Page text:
"It's important to be able to make a good living, and it's important to be able to buy things that you'd like to have, but that's not the most important thing in life, and it's tragic when young people without a balanced upbringing, without rounded guidance, without secure education, wind up believing it's all right to kill somebody for a pair of sneakers or jewelry or a designer jacket. In Detroit, a 15-year-old boy was shot recently for his $86 basketball shoes. In Ft. Lauderdale, a 15-year-old student was robbed of his jewelry. Just this past December, near where I live now in Maryland, a 17-year-old honors student was killed at a bus stop, just standing there, caught in the cross-fire during a robbery of another student's designer jacket.
"As parents, every one of us has been wrenched by these stories. We cannot stand idly by while our children are having their childhood robbed from them and from us by people who place more value on material things than even human life, not to mention human murder. The Long Beach Unified School District and the parents here have not stood idly by.
"I want to again say the entire United States of America is in your debt because you took the first step to show the elementary and middle school students that wearing uniforms in class reduces violence, reduces truancy, reduces disorder, increases learning and as was said more ably than me by my remarkable introducer, gives a bed of unity and purpose and teamwork of students and the schools that are in this school district. We are all in your debt in the United States.
"After the first year of this program, the number of these students drinking or bringing guns to school was cut in half. Overall crime in school was cut by more than a third in one year. In addition to safety, learning improved. Schoolwork became more important to students than showing off what they were wearing or resenting what someone else was wearing. Maybe the most important of all in the long run, I think these uniforms do not stamp out individuality among our young people. Instead, they slowly teach our young people one of life's more important lessons, that what really counts is what you are and what you can become on the inside, not what you are wearing on the outside."
'Don't Have to Look Over My Shoulder'
"I think that you could make a serious argument that this school uniform benefits the children of that one family as much as it benefits the children of your family. That is a lesson that all our children need to learn. And in the end, we should remember, it should be safety first. I was so moved in this matter, listening to Melissa talk about community events, listening to young Maurice say "I can walk down the street now and because I have my uniform on, those gangs know that I'm not a problem. I'm just a student. I don't have to look over my shoulder all the time." It is wrong for a young person to look over his or her shoulder while walking down a street in the United States of America. It is wrong. And it has to stop.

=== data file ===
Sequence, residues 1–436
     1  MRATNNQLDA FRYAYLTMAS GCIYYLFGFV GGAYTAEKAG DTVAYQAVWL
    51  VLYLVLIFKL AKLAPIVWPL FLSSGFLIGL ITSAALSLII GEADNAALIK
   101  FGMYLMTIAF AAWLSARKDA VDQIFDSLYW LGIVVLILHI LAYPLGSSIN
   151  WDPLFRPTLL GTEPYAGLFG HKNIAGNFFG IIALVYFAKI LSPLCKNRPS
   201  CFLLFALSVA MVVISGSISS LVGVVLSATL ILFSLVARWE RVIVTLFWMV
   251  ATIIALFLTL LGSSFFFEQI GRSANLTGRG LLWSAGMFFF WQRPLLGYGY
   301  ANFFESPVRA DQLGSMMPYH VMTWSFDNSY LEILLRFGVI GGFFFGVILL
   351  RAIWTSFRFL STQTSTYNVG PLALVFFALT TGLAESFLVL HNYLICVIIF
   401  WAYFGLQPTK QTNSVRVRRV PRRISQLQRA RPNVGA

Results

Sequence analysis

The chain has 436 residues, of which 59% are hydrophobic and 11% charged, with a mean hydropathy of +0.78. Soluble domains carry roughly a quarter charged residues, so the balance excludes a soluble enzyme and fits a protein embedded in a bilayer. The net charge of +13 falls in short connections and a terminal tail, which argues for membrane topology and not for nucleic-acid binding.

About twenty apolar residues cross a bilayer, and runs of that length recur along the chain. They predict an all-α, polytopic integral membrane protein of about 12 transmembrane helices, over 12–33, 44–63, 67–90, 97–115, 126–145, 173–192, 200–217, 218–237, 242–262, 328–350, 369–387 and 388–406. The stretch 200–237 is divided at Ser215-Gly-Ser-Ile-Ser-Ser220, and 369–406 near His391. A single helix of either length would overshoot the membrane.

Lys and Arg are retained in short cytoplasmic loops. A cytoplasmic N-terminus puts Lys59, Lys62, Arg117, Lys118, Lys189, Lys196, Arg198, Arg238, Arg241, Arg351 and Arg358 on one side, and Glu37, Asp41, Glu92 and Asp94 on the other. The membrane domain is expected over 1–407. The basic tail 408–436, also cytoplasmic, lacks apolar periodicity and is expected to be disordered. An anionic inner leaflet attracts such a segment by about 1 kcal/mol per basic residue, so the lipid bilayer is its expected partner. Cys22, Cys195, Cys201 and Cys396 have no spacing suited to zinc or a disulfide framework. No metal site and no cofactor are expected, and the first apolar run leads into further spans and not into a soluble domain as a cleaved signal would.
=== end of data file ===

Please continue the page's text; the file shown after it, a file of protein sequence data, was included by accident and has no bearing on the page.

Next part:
"And let me say finally about you, you did it, reflecting the lesson I said was the most important I had learned. You did this together. This was not imposed on you. Parents decided this, working with the kids, working with the school board, working with the police department, working with others, worked this out together, and I learned about the differences of students in school, and I learned about the differences in permissible uniforms. I learned all of that here. It is really pleasing to me to understand just how much a grass-roots endeavor this is, and that also is important.
"We want to support what you have done here, and so we have taken on the job of finding out what works and how, and I want you to know that just before I came here today, I signed a directive instructing the Secretary of Education to distribute this new manual on school uniforms to every one of the nations' 16,000 school districts so they will know how to do what you did. The Department of Education worked with the Department of Justice and the Attorney General to develop this. It's a road map for the establishment of a policy of school uniforms for schools that want to use it, too. It provides an essential source of information about successful programs, yours and those that have followed, that are making a difference all across America."